- Short report
- Open Access
Quantitative evaluation of fungi of the genus Candida in the feces of adult patients with type 1 and 2 diabetes - a pilot study
© Gosiewski et al.; licensee BioMed Central Ltd. 2014
- Received: 20 August 2014
- Accepted: 27 September 2014
- Published: 15 October 2014
Gastrointestinal tract microbiota, particularly bacterial microflora, seem to have a different qualitative and quantitative composition in both type 1 (T1DM) and type 2 diabetes (T2DM) mellitus cases as compared to non-diabetic individuals. So far, there are no data from diabetes research concerning the prevalence of fungi, particularly the most common genus, i.e. Candida, which are important components of human colon microflora.
We aimed to examine whether there are quantitative changes of Candida fungi in the feces of patients with T1DM and T2DM as compared to healthy controls.
Overall, we included 44 diabetic patients (27 patients with T1DM and 17 with T2DM) as well as 17 healthy, non-diabetic controls. Feces and blood samples were collected from all study individuals. DNA was isolated from fecal samples and quantitative real time PCR (qPCR) was applied in order to determine the number of fungal cells. Statistical association with selected clinical and biochemical features was examined.
There was a difference in the amount of Candida in the feces among the three examined groups (p = 0.007). Candida spp. populations in T1DM and T2DM subjects were larger as compared to controls (p = 0.017 and p = 0.037, respectively). However, no difference was found between T1DM and T2DM. No association was identified between the quantity of fungi and examined patients’ characteristics, except for negative correlation with blood lipid parameters in T2DM group.
Candida fungi appear to be more prevalent in the feces of patients with T1DM and T2DM. Their amount seems to be associated with serum lipids in T2DM patients. This initial finding requires further confirmation.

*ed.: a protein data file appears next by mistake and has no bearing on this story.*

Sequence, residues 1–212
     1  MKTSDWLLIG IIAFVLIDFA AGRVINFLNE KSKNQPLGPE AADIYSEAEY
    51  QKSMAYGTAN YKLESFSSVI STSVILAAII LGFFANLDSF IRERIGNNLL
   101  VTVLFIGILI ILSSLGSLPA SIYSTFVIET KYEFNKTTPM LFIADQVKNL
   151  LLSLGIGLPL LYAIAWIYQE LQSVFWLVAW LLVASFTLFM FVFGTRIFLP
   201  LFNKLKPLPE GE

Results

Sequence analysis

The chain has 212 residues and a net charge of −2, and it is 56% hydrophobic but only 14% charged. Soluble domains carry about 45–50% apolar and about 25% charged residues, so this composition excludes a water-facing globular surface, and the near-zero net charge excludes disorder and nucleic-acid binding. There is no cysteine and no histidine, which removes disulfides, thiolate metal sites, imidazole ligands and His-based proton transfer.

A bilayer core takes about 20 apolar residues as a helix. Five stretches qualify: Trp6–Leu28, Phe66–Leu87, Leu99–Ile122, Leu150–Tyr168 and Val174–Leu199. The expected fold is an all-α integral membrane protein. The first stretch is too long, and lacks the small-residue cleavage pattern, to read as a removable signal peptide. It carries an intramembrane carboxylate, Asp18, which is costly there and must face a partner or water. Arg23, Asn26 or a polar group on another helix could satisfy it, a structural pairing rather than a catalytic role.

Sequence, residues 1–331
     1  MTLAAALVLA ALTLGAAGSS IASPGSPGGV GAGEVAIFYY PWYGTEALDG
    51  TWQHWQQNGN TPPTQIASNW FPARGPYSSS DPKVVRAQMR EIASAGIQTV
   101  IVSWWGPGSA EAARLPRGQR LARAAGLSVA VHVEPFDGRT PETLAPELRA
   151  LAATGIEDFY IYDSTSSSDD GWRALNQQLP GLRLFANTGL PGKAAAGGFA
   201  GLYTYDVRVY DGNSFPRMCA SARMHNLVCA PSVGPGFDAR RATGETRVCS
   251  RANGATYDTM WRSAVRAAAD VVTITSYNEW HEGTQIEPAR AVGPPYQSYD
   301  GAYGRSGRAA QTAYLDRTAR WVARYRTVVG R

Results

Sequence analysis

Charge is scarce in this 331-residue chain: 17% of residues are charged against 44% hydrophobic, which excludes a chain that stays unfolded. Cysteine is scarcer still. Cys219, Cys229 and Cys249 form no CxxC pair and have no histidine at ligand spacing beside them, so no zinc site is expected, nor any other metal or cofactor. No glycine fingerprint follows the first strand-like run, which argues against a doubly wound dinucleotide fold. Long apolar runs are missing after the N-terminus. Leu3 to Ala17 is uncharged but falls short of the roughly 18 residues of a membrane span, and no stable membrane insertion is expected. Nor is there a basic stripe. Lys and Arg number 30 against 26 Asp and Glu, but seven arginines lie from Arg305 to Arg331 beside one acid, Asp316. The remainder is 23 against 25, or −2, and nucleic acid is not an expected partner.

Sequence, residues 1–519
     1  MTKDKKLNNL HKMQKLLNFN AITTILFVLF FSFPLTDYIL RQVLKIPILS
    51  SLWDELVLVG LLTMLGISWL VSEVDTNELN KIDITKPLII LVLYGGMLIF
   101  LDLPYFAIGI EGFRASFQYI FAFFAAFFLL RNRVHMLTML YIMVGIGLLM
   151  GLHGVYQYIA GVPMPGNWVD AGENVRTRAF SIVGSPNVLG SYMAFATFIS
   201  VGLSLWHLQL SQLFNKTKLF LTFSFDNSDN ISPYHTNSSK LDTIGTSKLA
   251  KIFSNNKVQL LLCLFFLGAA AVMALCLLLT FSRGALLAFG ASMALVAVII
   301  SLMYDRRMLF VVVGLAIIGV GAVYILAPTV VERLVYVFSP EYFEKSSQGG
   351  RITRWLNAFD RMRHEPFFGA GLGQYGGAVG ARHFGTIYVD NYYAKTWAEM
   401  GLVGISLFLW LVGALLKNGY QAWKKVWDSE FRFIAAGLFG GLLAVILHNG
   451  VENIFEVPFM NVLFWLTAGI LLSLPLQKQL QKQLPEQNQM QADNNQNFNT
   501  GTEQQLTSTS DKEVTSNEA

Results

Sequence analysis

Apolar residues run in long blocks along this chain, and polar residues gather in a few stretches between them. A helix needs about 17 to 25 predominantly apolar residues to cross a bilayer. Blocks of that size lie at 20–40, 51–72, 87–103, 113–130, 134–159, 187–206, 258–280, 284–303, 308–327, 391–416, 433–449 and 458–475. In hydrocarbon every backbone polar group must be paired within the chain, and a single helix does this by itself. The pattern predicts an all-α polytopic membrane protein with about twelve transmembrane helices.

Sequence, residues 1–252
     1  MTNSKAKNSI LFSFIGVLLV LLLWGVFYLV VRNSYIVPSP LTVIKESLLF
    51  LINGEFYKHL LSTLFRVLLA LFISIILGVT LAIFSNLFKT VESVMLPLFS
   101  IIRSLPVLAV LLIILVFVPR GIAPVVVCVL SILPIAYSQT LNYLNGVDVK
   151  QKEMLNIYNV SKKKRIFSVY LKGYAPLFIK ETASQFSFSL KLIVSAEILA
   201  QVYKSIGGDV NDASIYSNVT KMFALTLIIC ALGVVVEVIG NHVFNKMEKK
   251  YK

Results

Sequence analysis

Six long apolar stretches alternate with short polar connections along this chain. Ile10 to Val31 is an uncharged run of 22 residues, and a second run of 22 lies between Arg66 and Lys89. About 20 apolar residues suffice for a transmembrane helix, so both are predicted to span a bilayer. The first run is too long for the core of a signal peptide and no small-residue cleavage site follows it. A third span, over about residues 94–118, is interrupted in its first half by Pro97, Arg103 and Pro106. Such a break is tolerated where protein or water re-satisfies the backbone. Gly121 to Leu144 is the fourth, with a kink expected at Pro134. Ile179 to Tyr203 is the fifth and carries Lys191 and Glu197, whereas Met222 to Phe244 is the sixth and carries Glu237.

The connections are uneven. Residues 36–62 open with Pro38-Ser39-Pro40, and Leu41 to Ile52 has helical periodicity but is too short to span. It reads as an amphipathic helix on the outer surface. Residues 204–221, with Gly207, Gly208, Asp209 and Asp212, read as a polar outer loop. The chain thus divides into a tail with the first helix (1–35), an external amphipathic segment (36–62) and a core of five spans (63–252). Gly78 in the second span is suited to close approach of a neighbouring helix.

- Serum lipids
Globally, the total number of patients with both type 1 (T1DM) and type 2 diabetes (T2DM) has reached epidemic proportions. This creates enormous problems linked to health, economics and society around the world. Identification of all factors influencing the occurrence of T1DM and T2DM as well as modifying its clinical course is of great scientific and clinical importance. One of such possible factors are bacterial and fungal microbiota of the gastrointestinal tract. These microbiota influence, for example, the speed of decomposition of complex food components ,. Thus, they may potentially influence pathogenesis of T1DM, as the evidence exists that processes of digestion and absorption modify the occurrence of autoagression, a major factor underlying this disease . Gastrointestinal tract microbiota have also been linked with obesity, that is strongly associated with pathogenesis of T2DM . Finally, the speed of digestion and absorption of carbohydrates substantially influences glucose levels in patients with diabetes . Thus, determining changes in the composition of the gastrointestinal tract microbiota in the course of natural history of T1DM and T2DM could be potentially useful for developing preventive and therapeutic measures, for example through the use of probiotics. Such a use has already been described in some diseases, e.g., irritable bowel syndrome .
So far, some studies on changes in the bacterial microflora of the human gastrointestinal tract in the course of diabetes have been published. However, there are not enough data from diabetes research concerning fungi, particularly those entailing the most prevalent genus, Candida, which is an important component of human colonic microflora.
In the current study, we aimed to examine whether there are quantitative changes of Candida fungi in the feces of patients with T1DM and T2DM as compared to the healthy controls.
Characteristics of the studied patient groups
Male : Female (n)
10 : 17
7 : 10
5 : 12
duration of diabetes* (yrs)